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But desprite the overall awful pacing Persona 3 FES remains to be one of my biggest RPG favorites. The characters are just that great, and to a degree so are the theme and storytelling. You can tell the developers originally had a strong interest in the human mind (the series title is a term also used in psychology) as each member of the main cast develops through important events as parts of the main story. The cast of Persona 5 almost feels like a bunch of caricatures in comparison, and there is a clear lack of integration. A clear distinction is that the events in Persona 3's story only unfold in union with its cast and because of it, the characters are very intergral to the plot. In Persona 5 they tried really hard to get a sense of companionship but beyond that it never feels like the characters themselves are all that important. In a way virtually any party of Phantom Thieves can make Persona 5 work, while Persona 3 only works specifically with the characters it presents.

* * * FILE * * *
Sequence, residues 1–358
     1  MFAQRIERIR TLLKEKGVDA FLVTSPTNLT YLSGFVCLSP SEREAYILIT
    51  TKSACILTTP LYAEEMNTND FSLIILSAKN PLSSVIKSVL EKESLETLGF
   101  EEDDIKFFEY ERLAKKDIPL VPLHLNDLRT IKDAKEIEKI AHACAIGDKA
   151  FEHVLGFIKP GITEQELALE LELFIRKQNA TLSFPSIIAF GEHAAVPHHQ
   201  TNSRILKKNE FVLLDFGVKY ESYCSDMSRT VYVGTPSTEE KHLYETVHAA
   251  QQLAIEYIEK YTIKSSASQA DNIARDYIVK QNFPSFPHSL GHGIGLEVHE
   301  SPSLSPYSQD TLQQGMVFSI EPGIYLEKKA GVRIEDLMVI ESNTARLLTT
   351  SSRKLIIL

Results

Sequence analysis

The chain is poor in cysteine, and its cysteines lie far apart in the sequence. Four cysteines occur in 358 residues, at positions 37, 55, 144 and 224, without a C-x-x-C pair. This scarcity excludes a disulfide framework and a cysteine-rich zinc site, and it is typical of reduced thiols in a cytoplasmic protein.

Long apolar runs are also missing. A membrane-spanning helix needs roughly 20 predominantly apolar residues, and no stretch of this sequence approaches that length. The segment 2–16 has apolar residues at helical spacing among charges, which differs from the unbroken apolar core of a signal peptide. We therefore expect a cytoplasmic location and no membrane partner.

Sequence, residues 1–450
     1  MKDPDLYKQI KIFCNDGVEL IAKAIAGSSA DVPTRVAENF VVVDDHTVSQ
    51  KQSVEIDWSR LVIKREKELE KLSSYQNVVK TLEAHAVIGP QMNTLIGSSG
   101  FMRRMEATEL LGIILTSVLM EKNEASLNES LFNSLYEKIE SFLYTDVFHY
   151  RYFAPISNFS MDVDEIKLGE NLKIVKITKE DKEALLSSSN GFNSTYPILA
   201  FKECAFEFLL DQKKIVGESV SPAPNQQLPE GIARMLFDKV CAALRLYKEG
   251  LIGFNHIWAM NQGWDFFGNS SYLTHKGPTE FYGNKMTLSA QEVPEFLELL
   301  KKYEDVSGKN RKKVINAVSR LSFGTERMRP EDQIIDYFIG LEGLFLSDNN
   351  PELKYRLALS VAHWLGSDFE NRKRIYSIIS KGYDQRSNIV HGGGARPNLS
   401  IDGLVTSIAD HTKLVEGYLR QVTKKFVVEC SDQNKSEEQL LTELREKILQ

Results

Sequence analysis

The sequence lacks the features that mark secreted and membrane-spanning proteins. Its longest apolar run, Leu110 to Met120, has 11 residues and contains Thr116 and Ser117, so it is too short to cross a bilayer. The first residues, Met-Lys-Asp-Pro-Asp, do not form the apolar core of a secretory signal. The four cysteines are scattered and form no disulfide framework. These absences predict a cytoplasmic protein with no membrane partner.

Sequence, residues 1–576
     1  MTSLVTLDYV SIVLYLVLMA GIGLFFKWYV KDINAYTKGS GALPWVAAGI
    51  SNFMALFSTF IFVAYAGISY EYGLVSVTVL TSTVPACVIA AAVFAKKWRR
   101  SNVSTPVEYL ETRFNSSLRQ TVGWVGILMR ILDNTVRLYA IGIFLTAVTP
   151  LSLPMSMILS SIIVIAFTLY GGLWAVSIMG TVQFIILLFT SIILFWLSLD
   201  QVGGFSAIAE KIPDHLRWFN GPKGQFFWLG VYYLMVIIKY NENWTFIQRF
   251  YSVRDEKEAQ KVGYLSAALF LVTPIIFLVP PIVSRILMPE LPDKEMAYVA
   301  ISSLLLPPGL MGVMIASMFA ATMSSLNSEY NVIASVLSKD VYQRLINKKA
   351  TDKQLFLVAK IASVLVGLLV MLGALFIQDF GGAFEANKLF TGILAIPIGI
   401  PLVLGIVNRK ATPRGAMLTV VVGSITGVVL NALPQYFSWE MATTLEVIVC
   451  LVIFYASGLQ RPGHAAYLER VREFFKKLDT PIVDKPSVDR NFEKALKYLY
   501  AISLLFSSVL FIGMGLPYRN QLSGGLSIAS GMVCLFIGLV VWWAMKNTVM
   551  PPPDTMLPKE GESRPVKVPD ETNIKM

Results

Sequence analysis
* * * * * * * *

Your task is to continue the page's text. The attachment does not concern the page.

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In conclusion once the novelty of the mechanics has worn off Persona 3 is a mindnumbing repetion of the same routine for hours on end, with little happening in beween to keep the player engaged. That is unless they are really interested in the developments of the various social links. And don't mind the occasional school lecture slowing gameplay down even further.
But while having a high cost on time this is only half the game. The dungeon crawling coupled with the fusion system is real fun for players who enjoy building characters, and the story and characters are top-notch. Unlike most game there is a real message here that may cause the player to stop and think about their actions outside the game.

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Now this ie me rambling, but my ideal Persona game has the strong writing and characters of Persona 3 & 4 coupled with a less time consuming, much less repetitive, much more engaging modern life sim. Or maybe just scratch the simulation aspect because Persona 2 was also fantastic ignoring the comparatively bad dungeons.
Because Persona 5 failed to deliver that expect me to keep complaining about it for years to come.

Persona 3 by itself was and is still so awesome in its strong points it alone makes me care for the series that much to say this.